As you may remember, due to Covid-19 we had to cancel last year’s Undergraduate Research…
The organizing committee for the 2018 German Graduate Conference hosted by the Department of Germanic Languages & Literatures at the University of Toronto is pleased to send out its call for papers. The conference will take place from 26-28 April 2018.
“Pulver möcht’ ich schreiben, in die Zeit hinaus, und auf dem Streitroß meiner kriegführenden Gedanken möchte ich als ein Held ausziehen in das Schlachtgetümmel der Geschichte.”
In this passage of his Moderne Lebenswirren, published in 1834, Theodor Mundt voices a characteristically modern sentiment, the desire to change the world through art. In the German-speaking sphere, this impulse and intention came to be referred to as Engagement, a term derived from Jean-Paul Sartre’s expression littérature engagée. From its genesis in the enlightenment to Schiller’s didactic classicism, the Junges Deutschland, naturalism, expressionism, Brechtian epic theatre, the 68er-Bewegung, feminism, and contemporary critiques of neo-liberalism and mass surveillance, the spirit of Engagement has exerted profound influence upon German culture and its study. Recognizing that the many pressing challenges facing North-American and global society today (e.g. political polarization, cross-cultural understanding, reconciliation, terrorism, economic inequality, and climate change) are also rooted in culture and that culture plays a crucial role both in creating and in solving these conflicts, we ask what the German tradition can teach us about the role of the arts as a means to shape the world.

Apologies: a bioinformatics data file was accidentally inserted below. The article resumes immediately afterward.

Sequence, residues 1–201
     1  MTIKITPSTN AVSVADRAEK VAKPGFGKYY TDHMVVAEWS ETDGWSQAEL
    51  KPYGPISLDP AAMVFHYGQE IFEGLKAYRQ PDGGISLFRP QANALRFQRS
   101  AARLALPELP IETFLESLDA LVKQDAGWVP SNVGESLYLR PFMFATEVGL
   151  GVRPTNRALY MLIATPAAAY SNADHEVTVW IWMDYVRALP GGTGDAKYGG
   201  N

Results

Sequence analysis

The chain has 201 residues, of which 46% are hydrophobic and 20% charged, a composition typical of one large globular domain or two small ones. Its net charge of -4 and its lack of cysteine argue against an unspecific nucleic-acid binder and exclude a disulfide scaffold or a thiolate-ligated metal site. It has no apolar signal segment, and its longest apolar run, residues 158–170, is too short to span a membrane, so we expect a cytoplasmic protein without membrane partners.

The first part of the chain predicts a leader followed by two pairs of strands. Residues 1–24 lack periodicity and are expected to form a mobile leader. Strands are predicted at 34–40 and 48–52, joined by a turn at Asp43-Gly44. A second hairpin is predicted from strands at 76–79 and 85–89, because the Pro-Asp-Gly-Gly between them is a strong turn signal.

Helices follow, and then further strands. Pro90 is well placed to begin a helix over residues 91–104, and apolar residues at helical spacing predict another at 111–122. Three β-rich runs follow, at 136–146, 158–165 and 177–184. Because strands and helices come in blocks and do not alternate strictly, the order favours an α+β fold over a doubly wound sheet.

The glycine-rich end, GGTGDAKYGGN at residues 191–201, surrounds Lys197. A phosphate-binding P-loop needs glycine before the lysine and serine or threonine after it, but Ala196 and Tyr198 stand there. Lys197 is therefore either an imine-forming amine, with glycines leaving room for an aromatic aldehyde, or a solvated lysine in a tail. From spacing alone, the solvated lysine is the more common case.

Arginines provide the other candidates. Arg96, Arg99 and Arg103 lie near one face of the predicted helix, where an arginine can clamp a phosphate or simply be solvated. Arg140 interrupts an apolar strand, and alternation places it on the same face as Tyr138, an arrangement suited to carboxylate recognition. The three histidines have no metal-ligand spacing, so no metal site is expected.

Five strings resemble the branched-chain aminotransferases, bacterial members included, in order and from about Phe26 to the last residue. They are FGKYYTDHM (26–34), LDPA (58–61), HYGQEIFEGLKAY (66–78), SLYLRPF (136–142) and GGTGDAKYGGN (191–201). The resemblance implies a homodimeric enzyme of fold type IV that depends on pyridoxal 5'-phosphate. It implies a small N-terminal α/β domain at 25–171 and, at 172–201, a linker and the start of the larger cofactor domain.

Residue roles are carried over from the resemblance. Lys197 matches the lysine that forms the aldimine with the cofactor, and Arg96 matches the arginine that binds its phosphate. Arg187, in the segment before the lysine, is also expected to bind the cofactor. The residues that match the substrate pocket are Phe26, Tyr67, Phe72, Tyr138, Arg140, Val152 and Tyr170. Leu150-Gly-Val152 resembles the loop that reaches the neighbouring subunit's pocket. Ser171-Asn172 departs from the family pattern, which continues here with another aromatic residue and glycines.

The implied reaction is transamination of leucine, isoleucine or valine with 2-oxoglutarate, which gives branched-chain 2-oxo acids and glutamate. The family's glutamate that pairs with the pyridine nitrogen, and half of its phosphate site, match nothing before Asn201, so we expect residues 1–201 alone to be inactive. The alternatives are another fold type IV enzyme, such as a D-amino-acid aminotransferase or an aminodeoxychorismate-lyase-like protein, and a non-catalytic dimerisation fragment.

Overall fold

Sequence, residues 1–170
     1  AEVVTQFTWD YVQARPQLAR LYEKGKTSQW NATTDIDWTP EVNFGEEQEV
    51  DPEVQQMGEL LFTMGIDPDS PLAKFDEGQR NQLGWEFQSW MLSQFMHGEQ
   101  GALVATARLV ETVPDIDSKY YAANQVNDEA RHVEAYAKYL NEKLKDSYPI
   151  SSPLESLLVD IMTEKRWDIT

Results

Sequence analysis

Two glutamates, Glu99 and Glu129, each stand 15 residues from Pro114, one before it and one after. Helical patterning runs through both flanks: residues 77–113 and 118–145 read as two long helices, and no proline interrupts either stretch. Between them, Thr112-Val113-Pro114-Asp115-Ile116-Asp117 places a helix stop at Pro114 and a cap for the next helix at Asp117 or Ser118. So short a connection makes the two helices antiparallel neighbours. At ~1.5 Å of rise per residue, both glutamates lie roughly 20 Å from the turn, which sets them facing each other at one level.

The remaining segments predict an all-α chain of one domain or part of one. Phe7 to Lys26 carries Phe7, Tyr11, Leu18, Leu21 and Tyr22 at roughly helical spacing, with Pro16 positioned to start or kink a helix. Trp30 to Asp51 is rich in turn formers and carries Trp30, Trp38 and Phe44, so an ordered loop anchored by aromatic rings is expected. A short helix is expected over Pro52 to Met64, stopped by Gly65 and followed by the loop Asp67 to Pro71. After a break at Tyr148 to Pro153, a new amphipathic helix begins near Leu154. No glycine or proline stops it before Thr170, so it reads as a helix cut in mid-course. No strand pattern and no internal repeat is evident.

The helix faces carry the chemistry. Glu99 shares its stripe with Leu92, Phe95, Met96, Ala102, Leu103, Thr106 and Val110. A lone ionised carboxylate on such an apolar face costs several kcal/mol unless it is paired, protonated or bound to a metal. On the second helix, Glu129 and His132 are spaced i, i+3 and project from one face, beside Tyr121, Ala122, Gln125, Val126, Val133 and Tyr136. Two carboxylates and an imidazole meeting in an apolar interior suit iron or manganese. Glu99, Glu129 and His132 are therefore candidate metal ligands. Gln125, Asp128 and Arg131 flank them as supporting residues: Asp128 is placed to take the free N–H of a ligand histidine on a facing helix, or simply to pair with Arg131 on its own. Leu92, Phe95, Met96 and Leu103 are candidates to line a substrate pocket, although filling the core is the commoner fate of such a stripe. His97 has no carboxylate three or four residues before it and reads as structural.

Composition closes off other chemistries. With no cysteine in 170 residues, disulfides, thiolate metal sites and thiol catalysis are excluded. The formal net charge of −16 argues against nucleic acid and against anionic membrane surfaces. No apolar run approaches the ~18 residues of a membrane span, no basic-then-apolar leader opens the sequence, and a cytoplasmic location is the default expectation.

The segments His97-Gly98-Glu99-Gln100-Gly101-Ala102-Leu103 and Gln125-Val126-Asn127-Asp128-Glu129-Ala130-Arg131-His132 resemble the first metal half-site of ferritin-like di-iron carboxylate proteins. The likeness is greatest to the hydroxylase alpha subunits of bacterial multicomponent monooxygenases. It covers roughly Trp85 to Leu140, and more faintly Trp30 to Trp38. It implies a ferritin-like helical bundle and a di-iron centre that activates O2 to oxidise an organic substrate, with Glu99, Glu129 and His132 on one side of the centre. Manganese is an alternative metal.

Our keynote speaker, Prof. Peter Schweppe, will address this question by examining the social significance of materiality in German-speaking graffiti culture.
We invite abstracts for 15-minute papers in English or German relating to Engagement in the German arts (literature, drama, music, cinema, etc.) and the German aesthetic tradition, including, but not limited to:
- The “Crisis in the Humanities”
UofT’s Department of Germanic Languages and Literatures is home to the University’s Yiddish Studies program; as such, we also warmly welcome abstracts for papers addressing the subject of culture and social engagement from the perspective of Yiddish Studies.
The conference will take place at the Munk School of Global Affairs, University of Toronto, which is fully accessible. The conference will begin with an evening social to welcome participants on Thursday, April 26th, followed by presentations and keynote on Friday, April 27th and Saturday, April 28th.
Please submit an abstract of 200-300 words and a short biography (including current position and preferred pronouns) to firstname.lastname@example.org by 20 December 2017. Any enquiries may be sent to the same address. Organisers: Veronica Curran, William Ohm, Livia Rrokaj, Tobias Wilczek
Location: Munk School of Global Affairs, 2 Devonshire Place, University of Toronto